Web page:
An epiphany in Indianapolis in 1970, as a result of “discrimination” against singles

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On a Saturday morning on mid May, 1970, I locked up my garden apartment in East Windsor, NJ and drove out (taking two days) to Indianapolis to start my first “assignment”, supposedly implementing a “dynamic programming model” (in Fortran) for the television manufacturing plant north of downtown.  It is long gone; there is a museum there now.

In those days, suburban apartments didn’t need deadbolts; you could just auto-lock the door and drive away for weeks.  The apartment complex was called the Princeton Arms, south of route 571 (the Princeton-Hightstown Road).  I don’t know if I could find my exact unit today.  I was even adopted by a cat for a while.

I even recall some of the popular songs on the car radio (I drove a Ford Maverick then), “Everybody’s beautiful, in their own way.”  The idea made me uneasy.  (A couple of years later, when I had a different job in the government, a pouty coworker would say, “I don’t notice men’s bods.  Yes, women’s bods.”)  I also recall what played on the car radio as I drove away from Fort Eustis on Feb. 6, 1970, “Without love, I am nothing at all.”

Finding temporary housing on the per diem offered was a challenge.  RCA paid $30 a week per diem for singles, and $50 for married.  This was in the days long before discrimination got attention.  The married employee got a larger stipend for travel whether or not the spouse accompanied him (her would have been a less common pronoun in those days).  To me is sounded like a subsidy for missionary sexual intercourse, even within marriage.

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Having to find a housing on the cheap, I located a room fairly quickly for the exact $30 a week.  An elderly widow owned the home.  I had taken my tape-deck and open reel copies (technology as of 1970) of the Berlioz and Verdi Requiems, and would listen to music on my earphones (all you needed was the pre-amp on the tape deck).  Apparently I took the typewriter and worked on the manuscript of “The Proles” (media reviews blog).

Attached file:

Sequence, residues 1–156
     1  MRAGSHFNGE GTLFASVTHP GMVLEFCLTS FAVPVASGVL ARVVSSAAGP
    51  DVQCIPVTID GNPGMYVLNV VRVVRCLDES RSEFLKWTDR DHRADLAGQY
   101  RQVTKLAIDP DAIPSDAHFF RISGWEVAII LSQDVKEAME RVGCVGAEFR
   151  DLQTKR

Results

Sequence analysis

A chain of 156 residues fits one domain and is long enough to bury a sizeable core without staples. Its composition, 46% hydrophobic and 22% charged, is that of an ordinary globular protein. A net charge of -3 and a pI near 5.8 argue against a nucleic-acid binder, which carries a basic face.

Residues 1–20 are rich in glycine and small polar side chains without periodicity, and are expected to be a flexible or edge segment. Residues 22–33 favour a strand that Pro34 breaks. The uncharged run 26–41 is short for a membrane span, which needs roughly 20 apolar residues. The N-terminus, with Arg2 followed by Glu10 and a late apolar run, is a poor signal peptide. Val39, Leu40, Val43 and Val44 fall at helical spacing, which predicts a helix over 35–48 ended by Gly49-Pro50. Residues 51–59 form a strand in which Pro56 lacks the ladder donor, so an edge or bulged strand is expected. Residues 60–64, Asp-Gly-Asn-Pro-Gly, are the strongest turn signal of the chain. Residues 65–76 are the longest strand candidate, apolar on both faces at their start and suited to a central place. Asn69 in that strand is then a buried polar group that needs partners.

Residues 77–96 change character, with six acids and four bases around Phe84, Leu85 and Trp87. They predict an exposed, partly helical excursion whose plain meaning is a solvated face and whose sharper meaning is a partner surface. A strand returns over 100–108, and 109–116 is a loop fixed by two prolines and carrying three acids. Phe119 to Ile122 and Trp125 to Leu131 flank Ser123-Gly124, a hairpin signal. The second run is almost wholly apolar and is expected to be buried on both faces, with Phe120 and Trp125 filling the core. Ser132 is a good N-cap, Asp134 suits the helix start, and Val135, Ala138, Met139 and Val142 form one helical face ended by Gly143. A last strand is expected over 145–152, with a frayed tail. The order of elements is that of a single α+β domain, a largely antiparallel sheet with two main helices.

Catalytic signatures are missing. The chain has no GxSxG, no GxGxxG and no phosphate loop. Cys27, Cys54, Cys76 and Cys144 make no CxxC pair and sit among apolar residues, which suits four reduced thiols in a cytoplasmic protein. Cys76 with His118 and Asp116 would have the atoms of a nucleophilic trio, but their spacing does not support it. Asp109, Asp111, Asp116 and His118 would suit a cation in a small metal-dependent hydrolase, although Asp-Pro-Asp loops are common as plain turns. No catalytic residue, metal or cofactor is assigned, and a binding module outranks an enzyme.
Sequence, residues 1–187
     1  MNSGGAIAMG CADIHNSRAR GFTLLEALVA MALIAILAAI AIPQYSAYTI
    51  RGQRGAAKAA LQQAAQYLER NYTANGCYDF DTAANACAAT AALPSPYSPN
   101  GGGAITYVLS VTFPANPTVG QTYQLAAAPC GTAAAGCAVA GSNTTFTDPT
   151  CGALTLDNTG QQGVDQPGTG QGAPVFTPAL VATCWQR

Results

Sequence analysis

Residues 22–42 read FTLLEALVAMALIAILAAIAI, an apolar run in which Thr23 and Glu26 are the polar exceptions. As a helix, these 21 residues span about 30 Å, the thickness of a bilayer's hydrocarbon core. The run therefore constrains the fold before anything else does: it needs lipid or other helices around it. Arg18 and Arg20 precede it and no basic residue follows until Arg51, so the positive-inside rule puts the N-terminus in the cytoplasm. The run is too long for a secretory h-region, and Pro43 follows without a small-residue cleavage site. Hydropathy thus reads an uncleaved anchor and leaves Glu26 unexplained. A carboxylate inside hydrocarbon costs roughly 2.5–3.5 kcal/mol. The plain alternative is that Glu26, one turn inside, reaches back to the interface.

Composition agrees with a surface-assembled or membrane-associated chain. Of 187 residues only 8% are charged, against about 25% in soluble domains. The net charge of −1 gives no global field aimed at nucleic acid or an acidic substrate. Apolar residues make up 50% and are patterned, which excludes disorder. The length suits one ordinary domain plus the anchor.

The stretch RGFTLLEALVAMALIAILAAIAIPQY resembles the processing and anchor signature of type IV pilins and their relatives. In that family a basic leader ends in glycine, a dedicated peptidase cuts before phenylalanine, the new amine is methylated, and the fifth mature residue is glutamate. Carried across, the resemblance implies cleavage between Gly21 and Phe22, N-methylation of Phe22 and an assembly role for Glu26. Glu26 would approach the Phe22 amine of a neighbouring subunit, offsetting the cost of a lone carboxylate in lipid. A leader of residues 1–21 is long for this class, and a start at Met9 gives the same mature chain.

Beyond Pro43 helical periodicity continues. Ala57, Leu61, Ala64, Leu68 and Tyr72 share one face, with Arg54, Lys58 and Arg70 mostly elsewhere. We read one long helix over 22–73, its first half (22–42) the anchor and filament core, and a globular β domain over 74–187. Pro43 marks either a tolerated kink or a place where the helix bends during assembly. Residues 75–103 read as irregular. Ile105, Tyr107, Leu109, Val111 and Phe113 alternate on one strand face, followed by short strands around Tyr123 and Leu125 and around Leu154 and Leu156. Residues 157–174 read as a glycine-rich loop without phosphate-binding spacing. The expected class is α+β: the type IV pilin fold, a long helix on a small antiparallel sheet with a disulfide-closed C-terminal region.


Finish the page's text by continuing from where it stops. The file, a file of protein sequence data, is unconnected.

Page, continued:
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The landlady recommended a particular destination south of the city.  This was Brown County State Park, near Nashville, IN (and pretty close to Bloomington and Indiana University).  I did go down there on a Sunday in June, and was surprised by the amount of topography.  When I came back, I recall soliloquizing about the novel, and wondering how I could justify the divide between the two halves if the book. I recall stopping at a railroad crossing for a freight train, and then eating a family restaurant, and then going to an evening church service somewhere.  While I waited on the train, I had a mini-epiphany. Why not, I mused, suppose that the contents of my brain (as those of all of my Army and graduate school friends – real world in these days long before the Internet) could be stored on a computer, and that my body (or anyone else’s) could simply be replicated on demand later.  Any amount of time could pass.  I decided then that the second half should take place fourteen years later, which would make it 1984.  (As it would turn out, this would approximate the time I made a visit to Lama Foundation north of Taos, New Mexico for “spring work camp”.)  Now this may sound like the premise of the upcoming movie “Transcendence”, which I haven’t even seen yet.  But it’s clear that such a device opens some possibilities, like multiple reincarnations.

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I would ask the pastor at the church that evening if “love” should be a transitive verb.  He saw what I now call “upward affiliation” as a sin.  Well, it can lead to bad karma, or set an unsustainable example for the rest of society.  It can separate some people off from society, and leave others in more precarious family situations. If someone wins the pennant, someone else finishes in the cellar, right?  That can make a democracy unstable and vulnerable, ripe for Revolution (attain, Media blog).

One day that week, the landlady told me that she had to go into the hospital, and that I would need to move.  It turns out that a woman at the plant had an attic apartment (even with its own kitchenette and little TV) two blocks from the plant, for $35 a week.  This worked out much better.  I had more privacy, lived a little more normally.

The assignment would end in July, somewhat a technical failure.  It was never achievable with mainframe technology on the Spectra in 1970.

Don’t forget the song “Indiana wants me, but I can’t go back there.” Police sirens can be heard.  That actually may figure into the book.

(Published: Saturday March 29. 2014, around 11:45 PM)

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